Jana’s work bike. (photo by Brent Knepper –

Conversely, Jana groups her hive sites and her bike travel schedule into different neighborhoods on different days, and can get around to several bee yards across brutal traffic in a fraction of the time a car could manage.

Kristy in Minneapolis adds, “The time factor is significant, and it depends on your priorities. If you are trying to run a business, and economics is a major goal, the time required to manage the number of hives you can handle with a bike might not work. But we have a different philosophy and seeking different things, like community outreach, and that time is worth spending.”

Justyna notes that her trips would be a lot easier if she had reliable, secure storage at her site, and it is important to have a way to make sugar water or wash her hands, even if she has to carry her own H2O. Kristy of BeezKneez sets up her equipment for the whole season on site, but is careful to advise that any comb that has contained honey needs to be sealed, and pest situations need to be watched. Jim Fischer of New York finds carrying a smoker around to be a problem on the 4, 5 or 6 Train, so he keeps one on every rooftop.

Both Jana and Kristy overcome some of these storage constraints by using high quality bike trailers. Kristy shares that she is a 5’3” 120 pound woman who routinely hauls over 200 pounds of stuff around town. She uses a heavy duty Surly long bed trailer capable of holding 300 pounds. Jana uses a heavy duty Bikes at Work trailer made in Ames, A and has modified her bike to add panniers that are instrumental for carrying sugar water. “Loading the trailer is like a game of Tetris, and its really fun. I’ve had loads of over 300 pounds!”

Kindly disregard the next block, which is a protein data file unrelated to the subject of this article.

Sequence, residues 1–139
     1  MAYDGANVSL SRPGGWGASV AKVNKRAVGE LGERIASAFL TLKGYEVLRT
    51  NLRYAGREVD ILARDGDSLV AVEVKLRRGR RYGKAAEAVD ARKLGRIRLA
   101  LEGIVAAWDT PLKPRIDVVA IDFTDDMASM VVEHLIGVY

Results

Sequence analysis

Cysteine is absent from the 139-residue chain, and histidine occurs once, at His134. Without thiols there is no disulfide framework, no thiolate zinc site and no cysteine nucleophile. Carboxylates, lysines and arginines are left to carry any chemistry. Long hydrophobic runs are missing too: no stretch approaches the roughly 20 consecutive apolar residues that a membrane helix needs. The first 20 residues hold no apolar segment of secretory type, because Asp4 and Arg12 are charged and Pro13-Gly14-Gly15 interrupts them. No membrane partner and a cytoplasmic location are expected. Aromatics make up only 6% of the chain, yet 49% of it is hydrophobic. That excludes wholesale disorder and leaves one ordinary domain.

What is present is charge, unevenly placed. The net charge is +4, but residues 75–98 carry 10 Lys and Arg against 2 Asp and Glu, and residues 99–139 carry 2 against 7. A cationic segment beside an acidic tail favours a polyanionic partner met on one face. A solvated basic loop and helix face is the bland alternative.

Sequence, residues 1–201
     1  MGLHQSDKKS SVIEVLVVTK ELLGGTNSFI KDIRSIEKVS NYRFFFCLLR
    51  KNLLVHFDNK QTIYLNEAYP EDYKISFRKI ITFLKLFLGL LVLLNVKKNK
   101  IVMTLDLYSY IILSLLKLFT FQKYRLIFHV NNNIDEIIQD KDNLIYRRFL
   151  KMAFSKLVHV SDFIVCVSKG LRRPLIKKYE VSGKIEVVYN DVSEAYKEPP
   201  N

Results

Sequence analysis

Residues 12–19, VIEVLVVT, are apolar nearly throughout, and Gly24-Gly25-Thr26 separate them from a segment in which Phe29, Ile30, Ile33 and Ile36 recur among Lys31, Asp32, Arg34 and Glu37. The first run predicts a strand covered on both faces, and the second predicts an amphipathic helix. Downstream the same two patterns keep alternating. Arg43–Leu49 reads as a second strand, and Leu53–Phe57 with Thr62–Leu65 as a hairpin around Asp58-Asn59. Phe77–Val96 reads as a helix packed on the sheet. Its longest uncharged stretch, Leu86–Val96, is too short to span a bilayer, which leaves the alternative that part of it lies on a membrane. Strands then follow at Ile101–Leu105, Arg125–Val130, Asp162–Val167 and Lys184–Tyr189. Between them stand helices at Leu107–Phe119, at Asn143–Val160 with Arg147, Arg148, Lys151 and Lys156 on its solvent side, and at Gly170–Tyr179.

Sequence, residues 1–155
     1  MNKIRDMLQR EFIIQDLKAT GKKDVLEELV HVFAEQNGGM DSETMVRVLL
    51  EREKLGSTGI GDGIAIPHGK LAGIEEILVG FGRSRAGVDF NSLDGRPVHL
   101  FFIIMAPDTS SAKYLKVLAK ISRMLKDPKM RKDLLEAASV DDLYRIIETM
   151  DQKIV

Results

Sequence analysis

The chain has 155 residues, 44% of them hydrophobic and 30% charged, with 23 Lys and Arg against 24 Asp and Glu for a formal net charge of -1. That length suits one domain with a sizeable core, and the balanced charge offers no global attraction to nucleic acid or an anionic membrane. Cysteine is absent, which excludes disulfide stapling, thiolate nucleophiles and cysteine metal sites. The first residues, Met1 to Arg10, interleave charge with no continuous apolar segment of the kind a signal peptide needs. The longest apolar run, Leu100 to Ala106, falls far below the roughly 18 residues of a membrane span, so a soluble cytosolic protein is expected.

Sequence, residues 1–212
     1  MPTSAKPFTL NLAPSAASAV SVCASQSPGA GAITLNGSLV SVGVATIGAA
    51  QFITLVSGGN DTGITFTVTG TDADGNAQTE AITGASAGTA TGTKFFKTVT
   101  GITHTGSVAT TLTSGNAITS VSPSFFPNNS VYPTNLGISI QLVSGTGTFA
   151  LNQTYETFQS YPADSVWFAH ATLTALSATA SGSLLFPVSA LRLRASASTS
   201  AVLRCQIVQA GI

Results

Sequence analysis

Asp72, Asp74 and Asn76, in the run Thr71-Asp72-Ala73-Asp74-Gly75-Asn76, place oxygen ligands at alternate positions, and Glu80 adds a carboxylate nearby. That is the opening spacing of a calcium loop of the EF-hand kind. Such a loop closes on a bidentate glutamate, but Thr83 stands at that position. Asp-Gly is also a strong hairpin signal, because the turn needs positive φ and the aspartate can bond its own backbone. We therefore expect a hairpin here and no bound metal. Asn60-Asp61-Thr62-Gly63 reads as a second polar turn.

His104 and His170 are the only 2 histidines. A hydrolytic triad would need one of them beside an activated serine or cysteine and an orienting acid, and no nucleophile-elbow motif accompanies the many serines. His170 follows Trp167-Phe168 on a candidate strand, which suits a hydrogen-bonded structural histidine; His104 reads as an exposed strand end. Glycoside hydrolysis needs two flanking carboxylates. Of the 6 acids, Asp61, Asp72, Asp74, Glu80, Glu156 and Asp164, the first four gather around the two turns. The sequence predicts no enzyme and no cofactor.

Out apiaries involve community outreach, which can help. Beekeepers in community gardens, parks, school yards are going to get questions, and folks like BeezKneez actually banked on this as part of their alternative transit beekeeping and honey delivery. They wear bee clothes and decorate their bikes to get noticed! People are intrigued, ask questions, become “friends of bees,” and often lend a hand. Which helps a lot when time and energy are at a premium! Many of these beekeepers carry an extra veil in order to give passersby the experience of working with bees. Jana mentions, “I took my short course without having any experience inside a hive, but fell in love once I worked with my mentor in Oregon. Urban beekeeping is very popular, but it helps people to discover whether or not it’s for them.”

Finally, most of these beekeepers have opted to use medium woodenware, all of the same size, in order to ease planning, packing, weight, and interchangeability.

Jana of BikeABee had the rack of her beek bike modified to hold a smoker. (photo credit: BikeABee)

Bikes versus Public Transit
There are pluses and minuses to both sides of the bike versus bus/train approach to urban beekeeping. Riding the bus or train is physically less taxing while you are moving, but subway beekeepers are actually working harder and carrying less at most other times. You need greater physical stamina, and should be well aware of the state of your health, before taking on long, weighty bike rides, but you will burn calories on the subway, too.